Man Shuts Down Unlawful NYPD Search in Just Seven Seconds

New York, NY– A seven-second long video uploaded to YouTube on Saturday morning captured a man asserting his rights, and an officer actually respecting those rights, even as the man called him a scumbag.

This just may be the fastest we have ever seen a cop get shut down.

“Sir, what do you got in your bag?” An officer asks.

“None of your f*cking business, that’s what I’ve got in the bag.” The man asserts as he films the encounter.

“Alright,” the officer concedes, as he begins to walk away.

“Honor your oath scumbag!” The man filming throws in for good measure.

As awesome as it is to watch a cop get shutdown so easily, the most incredible part of all of this just may be the officer’s reaction. He didn’t puff out his chest and make threats or harass the man further, he accepted the refusal and walked away. It is a sad sign of the times that an officer respecting someone’s rights is noteworthy.

In 2014, the Civilian Complaint Review Board investigated 42 cases of individuals recording the NYPD over the course of just six months.  In 27 of those cases, the police were accused of reacting inappropriately to the camera presence.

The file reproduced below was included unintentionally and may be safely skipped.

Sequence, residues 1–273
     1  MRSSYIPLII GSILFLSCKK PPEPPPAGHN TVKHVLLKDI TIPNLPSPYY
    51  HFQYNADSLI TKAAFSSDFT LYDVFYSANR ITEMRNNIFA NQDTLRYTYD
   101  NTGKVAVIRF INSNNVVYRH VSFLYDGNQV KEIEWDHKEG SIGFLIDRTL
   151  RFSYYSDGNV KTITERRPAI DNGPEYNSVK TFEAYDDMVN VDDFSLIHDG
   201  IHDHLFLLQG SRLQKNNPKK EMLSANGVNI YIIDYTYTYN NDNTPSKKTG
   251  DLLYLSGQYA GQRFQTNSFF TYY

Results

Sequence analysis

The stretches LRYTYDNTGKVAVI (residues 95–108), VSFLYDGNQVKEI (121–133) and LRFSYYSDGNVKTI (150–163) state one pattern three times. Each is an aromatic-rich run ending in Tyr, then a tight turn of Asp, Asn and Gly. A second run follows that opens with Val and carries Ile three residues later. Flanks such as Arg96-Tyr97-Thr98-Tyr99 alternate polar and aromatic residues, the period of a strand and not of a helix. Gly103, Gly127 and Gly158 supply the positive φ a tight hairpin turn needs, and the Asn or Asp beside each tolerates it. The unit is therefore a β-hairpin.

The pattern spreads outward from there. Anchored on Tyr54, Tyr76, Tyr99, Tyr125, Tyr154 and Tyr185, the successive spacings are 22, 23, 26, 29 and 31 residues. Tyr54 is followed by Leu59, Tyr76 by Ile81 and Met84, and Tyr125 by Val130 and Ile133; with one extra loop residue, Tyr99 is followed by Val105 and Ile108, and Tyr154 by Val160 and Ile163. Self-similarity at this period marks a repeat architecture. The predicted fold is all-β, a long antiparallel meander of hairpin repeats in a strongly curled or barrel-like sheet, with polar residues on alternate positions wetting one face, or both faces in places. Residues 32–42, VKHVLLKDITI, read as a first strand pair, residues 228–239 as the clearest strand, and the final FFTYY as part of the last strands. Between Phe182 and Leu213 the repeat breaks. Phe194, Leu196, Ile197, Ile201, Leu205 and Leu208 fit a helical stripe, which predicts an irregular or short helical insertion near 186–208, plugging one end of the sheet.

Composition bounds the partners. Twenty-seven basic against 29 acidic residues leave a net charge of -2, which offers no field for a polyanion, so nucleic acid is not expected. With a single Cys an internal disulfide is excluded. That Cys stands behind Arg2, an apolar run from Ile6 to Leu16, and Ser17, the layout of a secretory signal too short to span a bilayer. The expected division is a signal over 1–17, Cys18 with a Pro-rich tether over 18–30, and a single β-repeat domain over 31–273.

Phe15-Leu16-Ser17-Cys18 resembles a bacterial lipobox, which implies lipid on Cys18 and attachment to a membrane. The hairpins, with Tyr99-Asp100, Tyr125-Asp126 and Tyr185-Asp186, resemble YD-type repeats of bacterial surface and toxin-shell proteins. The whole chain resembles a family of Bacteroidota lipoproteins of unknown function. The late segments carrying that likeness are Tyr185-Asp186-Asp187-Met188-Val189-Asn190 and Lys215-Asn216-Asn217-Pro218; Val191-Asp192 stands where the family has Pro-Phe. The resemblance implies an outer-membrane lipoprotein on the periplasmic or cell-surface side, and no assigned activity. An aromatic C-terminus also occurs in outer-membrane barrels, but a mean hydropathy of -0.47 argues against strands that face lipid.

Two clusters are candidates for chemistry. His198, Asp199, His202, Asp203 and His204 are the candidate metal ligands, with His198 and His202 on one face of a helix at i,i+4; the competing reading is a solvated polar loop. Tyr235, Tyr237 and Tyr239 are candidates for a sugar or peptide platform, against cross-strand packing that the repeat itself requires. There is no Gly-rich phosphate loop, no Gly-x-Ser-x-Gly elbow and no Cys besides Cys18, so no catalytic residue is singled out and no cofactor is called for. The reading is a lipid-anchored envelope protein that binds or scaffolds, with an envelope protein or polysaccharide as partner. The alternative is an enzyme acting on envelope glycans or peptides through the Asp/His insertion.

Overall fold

Earlier this week we reported on one of those videos which has just been released. The footage captured the NYPD officers lying in their police report, as the entire incident was captured on three surveillance cameras.

The surveillance footage incriminated the officers after they viciously assaulted a man for filming while one of the police officers got too handsy during a stop and frisk on the man’s female friend.  After falsely arresting the man, they proceeded to throw the phone that he was using out of their vehicle window before driving away.

Know your rights, and always film the police.  These interactions can be a deadly game of Russian Roulette. With a camera present, however, officers are often on their best behavior  – especially with the ease in which these officers can be made famous from a simple YouTube clip.

Enjoy this piece?

… then let us make a small request. AlterNet’s journalists work tirelessly to counter the traditional corporate media narrative. We’re here seven days a week, 365 days a year. And we’re proud to say that we’ve been bringing you the real, unfiltered news for 20 years—longer than any other progressive news site on the Internet.

It’s through the generosity of our supporters that we’re able to share with you all the underreported news you need to know. Independent journalism is increasingly imperiled; ads alone can’t pay our bills. AlterNet counts on readers like you to support our coverage. Did you enjoy content from David Cay Johnston, Common Dreams, Raw Story and Robert Reich? Opinion from Salon and Jim Hightower? Analysis by The Conversation? Then join the hundreds of readers who have supported AlterNet this year.

Every reader contribution, whatever the amount, makes a tremendous difference. Help ensure AlterNet remains independent long into the future. Support progressive journalism with a one-time contribution to AlterNet, or click here to become a subscriber. Thank you. Click here to donate by check.

alternet logo

Tough Times

Demand honest news. Help support AlterNet and our mission to keep you informed during this crisis.